Some councils even encourage people to add trellis to the tops of their fences, because it is a good burglar deterrent. A trellis is not strong enough to support much weight, so it makes it difficult to climb. You can order trellis here (affiliate link).
Think about the eye line for privacy
In today’s crowded world it is rare to have privacy in your whole garden.
The answer is to decide where you want your privacy. Then look at who can see that part of the garden. It is that sight-line you need to block, not the whole garden.
Ideally, you should block that sight-line without cutting out light in anyone else’s house or garden. That may mean having trellis, fencing or trees in the middle of your own garden.
If you want to place a tree in the right place for privacy, see this post here.
I have found no legal restrictions on height when a trellis is within the garden. However, be aware that taller trellis will need to be sturdy, as it will rock in the wind.
Trellis arches, for example, across a long thin garden, could block the view from windows opposite without affecting anyone’s light.
You could also use split fences for privacy without completely shutting off the area. This fence at a Hampton Court show garden shows how effectively it can work.
Here Pippa and James Rubinstein have an espaliered pear tree in front of their window in Kent. It screens the study window and creates a place for two to eat in the evening.
A pergola for privacy
In England, you can have a pergola with an eaves height of 2.5 metres (or 8ft 2″) if it is against your boundary. You can have a pergola with a pitched roof height of up to 4 metres if it’s in the middle of the garden. That offers lots of screening, so it may be worth considering a pergola in one place, instead of all-round fences for privacy. You can order a pergola kit here (affiliate link).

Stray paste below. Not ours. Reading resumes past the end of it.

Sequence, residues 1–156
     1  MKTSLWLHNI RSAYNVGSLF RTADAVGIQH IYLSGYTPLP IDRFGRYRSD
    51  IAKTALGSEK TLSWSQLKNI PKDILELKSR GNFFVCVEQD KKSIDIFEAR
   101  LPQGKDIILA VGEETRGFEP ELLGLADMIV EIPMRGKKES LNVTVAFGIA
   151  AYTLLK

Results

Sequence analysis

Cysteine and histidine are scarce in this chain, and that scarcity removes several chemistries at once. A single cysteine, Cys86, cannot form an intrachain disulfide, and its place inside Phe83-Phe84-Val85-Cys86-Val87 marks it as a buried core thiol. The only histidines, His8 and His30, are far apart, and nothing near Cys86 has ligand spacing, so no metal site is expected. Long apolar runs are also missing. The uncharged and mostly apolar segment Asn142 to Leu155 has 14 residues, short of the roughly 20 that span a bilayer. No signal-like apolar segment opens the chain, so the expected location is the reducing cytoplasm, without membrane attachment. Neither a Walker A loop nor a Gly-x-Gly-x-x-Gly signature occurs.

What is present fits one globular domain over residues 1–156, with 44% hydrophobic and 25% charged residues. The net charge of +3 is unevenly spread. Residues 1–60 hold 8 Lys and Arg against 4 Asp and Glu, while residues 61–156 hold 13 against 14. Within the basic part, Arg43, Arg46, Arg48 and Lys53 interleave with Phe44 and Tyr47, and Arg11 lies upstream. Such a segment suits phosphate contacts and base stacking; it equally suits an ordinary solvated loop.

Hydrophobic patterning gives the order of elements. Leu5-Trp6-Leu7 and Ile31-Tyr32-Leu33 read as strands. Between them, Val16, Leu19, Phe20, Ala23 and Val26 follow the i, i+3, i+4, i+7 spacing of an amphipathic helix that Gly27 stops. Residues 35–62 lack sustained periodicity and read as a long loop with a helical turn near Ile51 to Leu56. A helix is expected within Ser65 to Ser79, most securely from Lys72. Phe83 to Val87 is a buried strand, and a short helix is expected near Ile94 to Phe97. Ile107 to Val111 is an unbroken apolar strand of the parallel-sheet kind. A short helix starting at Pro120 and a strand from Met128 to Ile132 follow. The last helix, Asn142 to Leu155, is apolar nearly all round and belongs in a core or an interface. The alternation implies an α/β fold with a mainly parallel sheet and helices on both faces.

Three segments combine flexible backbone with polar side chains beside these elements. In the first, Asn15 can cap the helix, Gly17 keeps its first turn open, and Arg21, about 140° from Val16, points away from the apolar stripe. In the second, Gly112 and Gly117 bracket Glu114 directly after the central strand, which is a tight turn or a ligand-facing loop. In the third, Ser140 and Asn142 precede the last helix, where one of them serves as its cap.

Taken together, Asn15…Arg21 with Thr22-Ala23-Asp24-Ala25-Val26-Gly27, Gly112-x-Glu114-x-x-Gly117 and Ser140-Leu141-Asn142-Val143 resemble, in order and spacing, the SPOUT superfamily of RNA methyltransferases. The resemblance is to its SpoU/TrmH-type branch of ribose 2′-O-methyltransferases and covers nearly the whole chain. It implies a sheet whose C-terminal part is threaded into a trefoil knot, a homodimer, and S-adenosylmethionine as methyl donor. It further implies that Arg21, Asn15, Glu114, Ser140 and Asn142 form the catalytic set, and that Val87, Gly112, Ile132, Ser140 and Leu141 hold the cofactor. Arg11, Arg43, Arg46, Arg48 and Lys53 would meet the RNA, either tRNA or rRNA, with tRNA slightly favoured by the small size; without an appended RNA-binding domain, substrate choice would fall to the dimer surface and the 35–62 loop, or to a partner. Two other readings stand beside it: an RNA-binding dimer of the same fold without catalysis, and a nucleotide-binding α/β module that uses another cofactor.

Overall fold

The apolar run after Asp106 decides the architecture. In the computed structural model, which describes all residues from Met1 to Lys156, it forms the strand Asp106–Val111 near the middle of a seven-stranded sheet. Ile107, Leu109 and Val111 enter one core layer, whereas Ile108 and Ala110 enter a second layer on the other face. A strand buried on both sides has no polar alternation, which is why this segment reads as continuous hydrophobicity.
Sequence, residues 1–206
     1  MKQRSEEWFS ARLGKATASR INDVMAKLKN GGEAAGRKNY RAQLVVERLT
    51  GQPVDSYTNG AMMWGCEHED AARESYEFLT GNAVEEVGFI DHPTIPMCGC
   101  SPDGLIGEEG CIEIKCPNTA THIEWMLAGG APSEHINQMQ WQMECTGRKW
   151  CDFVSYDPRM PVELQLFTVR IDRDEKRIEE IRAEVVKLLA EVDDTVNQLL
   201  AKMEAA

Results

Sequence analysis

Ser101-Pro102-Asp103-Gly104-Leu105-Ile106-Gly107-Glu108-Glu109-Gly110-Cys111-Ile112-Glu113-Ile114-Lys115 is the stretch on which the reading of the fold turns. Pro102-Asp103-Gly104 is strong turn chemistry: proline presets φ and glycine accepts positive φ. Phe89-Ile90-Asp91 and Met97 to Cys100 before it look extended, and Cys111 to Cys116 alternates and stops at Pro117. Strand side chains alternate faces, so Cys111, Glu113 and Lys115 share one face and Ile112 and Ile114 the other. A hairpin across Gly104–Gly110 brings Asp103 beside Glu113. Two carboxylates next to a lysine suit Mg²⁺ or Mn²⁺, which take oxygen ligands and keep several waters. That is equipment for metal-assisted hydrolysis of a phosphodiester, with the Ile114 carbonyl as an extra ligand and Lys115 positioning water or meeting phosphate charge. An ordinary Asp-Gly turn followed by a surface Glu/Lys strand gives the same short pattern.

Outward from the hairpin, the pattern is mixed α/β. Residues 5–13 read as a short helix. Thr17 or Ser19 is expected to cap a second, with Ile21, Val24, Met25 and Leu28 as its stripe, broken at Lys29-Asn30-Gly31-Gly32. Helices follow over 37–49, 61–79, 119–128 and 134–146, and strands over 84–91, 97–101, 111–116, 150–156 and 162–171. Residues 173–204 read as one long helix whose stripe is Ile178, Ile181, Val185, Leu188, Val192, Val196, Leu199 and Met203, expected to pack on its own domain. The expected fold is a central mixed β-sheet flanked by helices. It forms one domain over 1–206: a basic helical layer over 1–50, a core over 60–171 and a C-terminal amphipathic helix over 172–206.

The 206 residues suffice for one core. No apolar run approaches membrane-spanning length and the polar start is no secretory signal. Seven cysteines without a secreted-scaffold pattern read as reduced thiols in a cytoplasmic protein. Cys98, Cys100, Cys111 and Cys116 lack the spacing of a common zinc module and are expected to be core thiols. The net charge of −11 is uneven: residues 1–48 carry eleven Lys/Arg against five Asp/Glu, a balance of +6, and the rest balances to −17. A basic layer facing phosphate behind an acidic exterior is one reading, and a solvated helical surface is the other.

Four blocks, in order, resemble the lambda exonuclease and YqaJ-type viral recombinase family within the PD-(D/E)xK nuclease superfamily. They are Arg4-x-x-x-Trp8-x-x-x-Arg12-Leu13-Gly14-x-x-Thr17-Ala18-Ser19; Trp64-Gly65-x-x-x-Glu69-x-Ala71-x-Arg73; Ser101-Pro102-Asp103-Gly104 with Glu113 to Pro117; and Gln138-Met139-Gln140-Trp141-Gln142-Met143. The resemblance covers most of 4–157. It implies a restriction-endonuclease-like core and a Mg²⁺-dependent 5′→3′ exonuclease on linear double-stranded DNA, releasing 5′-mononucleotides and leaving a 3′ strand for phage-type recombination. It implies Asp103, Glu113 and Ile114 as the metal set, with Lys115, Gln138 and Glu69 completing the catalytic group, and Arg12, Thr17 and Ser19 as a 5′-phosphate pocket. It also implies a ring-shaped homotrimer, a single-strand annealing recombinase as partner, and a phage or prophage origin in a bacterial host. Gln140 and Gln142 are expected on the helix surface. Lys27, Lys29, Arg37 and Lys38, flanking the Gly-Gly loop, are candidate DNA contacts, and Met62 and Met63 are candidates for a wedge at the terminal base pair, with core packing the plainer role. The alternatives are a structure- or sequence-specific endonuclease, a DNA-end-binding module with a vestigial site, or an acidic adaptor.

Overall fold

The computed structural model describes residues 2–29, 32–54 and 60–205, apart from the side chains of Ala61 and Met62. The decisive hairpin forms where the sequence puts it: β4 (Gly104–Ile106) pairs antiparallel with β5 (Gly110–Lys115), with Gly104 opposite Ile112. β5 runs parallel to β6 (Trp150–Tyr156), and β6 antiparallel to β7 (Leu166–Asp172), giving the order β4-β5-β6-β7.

Does the smooth side of the fence have to face outwards?
There’s a common myth in England that the owner of the fence must build it so that the smooth side faces the road or their neighbour. However, I can find no evidence of this rule anywhere. I
‘ve also asked the experts at Jackson’s Fencing and they can’t find any regulations either. However, I do have a friend who informed her neighbour that the smooth side of his newly-installed fence was supposed to face her garden. He turned it round, so either he knows something we don’t, or he is terrified of her.
There are more ideas for garden privacy on this post about the eight perfect-for-privacy garden trees, and this one on choosing evergreen hedges for privacy. I also have a Garden Privacy Pinterest board, which you may enjoy. And do let me know of any good ideas you have.
If you’re thinking about using small garden trees for privacy, this video has some more ideas:
And do please share, using the buttons below. Thank you!